On Thursday, the High Court in Prague awarded compensation to two women, one of them a Romany sterilized without her knowledge in 2003, the other a non-Romany whose fallopian tubes were removed without her consent in 2006. The ruling confirmed a previous verdict – the first of its kind – and raised the amount originally awarded. Gwendolyn Albert, a human rights activist and expert on the issue, discusses the verdict.
On Thursday, the Supreme Court in Prague ruled that two women, who were sterilized without their knowledge, should receive hundreds of thousands of crowns in compensation. According to the League of Human Rights, the doctors who sterilized the two patients were trying to prevent serious health complications but didn’t offer them the chance to make a decision about their own health. Under the communist regime and even into the late 90s, women predominantly of Roma origin were sometimes sterilized against their will and the Minister of Human Rights and Minorities Michael Kocáb said that new measures will prevent such incidents from happening in the future.
Human rights campaigners won an important moral victory on Monday when the government of Jan Fischer expressed regret over the forced sterilization of women, almost all of them members of the country’s Roma minority. No reliable figures exist for the numbers of women sterilized, but what’s alarming is that according to human rights groups, the practice continues in isolated cases to this day.
A week after Ottawa brought back visas for Czech citizens over the large numbers of Czech Romanies seeking asylum in Canada, the Czech government put out a report on the state of Romany communities in the Czech Republic for 2008. The report is bleak: Czech-Romany relations are bad, it says, and will be difficult to fix.
The Czech Republic has recently been criticized by the Council of Europe for surgically castrating sex offenders. Last year, the European Committee for the Prevention of Torture and Inhuman or Degrading Treatment or Punishment visited several of the country’s psychiatric wards and prisons. In its report, the committee called surgical castration a degrading form of treatment, and recommended that Czech authorities abandon it. But most Czech sexologists and health care professionals disagree. They believe that surgical castration is the most effective
The Czech Constitutional Court rejected on Monday a complaint by a Romany
woman who underwent forced sterilization in an Ostrava hospital in 1997.
Iveta Červeňáková, who was 21 at the time, complained about a decision
by the police to shelve a criminal case against two of the hospital’s
physicians. The Court said none of her constitutional rights were
by that decision.
Ms Červeňáková was sterilized in the Ostrava Municipal Hospital in 1997, after giving birth to her second child. A local court awarded her 500,000 crowns, or more than 22,000 US dollars, in damages, but a higher court said last year her claim was covered by the statute of limitations.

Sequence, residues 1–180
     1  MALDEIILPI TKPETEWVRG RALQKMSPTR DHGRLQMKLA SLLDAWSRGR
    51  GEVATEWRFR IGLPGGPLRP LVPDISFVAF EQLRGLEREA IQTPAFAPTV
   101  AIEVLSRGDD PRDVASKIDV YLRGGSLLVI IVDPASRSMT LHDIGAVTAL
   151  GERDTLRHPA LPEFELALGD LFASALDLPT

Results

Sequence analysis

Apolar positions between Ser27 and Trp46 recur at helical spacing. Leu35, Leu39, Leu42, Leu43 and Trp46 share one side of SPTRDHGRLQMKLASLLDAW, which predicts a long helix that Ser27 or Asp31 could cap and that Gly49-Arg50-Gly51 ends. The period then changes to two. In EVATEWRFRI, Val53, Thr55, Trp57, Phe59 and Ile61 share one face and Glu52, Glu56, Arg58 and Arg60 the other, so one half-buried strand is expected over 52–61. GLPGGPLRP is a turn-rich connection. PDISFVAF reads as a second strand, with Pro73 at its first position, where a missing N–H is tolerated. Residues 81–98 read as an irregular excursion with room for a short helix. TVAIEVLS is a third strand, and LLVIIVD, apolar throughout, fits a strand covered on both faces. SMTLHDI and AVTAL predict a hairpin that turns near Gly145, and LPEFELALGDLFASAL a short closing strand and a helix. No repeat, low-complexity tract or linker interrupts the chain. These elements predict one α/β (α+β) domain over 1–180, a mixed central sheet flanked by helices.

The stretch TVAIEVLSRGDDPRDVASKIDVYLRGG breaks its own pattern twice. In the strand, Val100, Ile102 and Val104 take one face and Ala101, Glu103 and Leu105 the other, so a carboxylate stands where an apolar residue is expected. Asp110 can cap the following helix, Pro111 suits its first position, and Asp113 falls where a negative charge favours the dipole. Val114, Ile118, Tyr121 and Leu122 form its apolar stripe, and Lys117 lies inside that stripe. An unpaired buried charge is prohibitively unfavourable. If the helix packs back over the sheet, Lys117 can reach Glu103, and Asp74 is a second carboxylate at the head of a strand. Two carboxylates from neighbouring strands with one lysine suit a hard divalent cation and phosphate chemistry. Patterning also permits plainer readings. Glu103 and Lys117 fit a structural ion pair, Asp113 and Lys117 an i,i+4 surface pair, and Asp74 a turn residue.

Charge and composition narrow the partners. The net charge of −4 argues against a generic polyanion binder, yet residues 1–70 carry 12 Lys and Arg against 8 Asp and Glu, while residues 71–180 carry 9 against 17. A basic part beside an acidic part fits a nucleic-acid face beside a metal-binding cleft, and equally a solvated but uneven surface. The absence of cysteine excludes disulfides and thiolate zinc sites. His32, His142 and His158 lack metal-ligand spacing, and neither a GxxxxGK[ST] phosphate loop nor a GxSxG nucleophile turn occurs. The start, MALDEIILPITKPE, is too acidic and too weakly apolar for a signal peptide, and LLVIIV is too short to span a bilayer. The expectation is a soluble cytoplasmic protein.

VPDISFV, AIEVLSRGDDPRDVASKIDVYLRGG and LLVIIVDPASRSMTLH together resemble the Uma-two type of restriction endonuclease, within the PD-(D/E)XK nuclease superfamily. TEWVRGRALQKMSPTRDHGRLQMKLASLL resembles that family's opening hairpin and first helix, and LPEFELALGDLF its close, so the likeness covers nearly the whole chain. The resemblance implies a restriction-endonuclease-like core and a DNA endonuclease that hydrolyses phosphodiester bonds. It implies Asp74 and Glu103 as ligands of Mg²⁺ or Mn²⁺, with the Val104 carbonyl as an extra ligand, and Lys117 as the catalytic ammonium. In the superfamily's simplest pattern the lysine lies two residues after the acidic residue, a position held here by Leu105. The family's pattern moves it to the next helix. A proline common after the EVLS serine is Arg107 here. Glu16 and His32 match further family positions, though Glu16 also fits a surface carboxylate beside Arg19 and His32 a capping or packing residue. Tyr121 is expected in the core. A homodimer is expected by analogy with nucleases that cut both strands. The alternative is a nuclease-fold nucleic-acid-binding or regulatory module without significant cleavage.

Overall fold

A court in Prague handed down an unusual verdict on Monday in the case of a woman who became pregnant despite having been sterilised. The Central Bohemia Regional court, which is located in Prague, ordered a hospital in Kutná Hora to pay 30,000 crowns – that’s about 1,500 U.S. dollars – to the woman, who became pregnant a year after being sterilised at Kutná Hora hospital four years ago.
A woman who was told she had been sterilised is seeking damages from a hospital in Liberec, Northern Bohemia, after giving birth to a healthy child. Šarka Doušová is asking for 250,000 CZK (nearly 15,500 USD) in damages after having suffered health problems as a result of the pregnancy. Ms Doušová was sterilised by the hospital after a road accident, when she was told that it would be dangerous for her to have any more children. But two months after the operation she fell unexpectedly pregnant and went on to have the child. The hospital in question has been unwilling to settle out of court as it says that Ms Doušová’s sterilisation failed because there was a problem with the method of surgery, and not the doctors performing the operation. The case will now be brought to a regional court.
A regional court has ordered Ostrava City Hospital to pay 500,000 crowns (almost 26,000 USD) in compensation to Iveta Cervenakova, a 30-year-old Romany woman, who was involuntarily sterilised by the hospital ten years ago. Her lawyer has pointed out this is the first time a Czech court has ruled in favour of financial compensation for involuntary sterilisation. In the case, the hospital defended its actions by saying it had Mrs Cervenakova's written consent, given after the birth of her second child by caesarean section. But the court found that medical staff did not proceed correctly in her case and there was no documentation in her medical file to prove that she had agreed with the sterilisation procedure.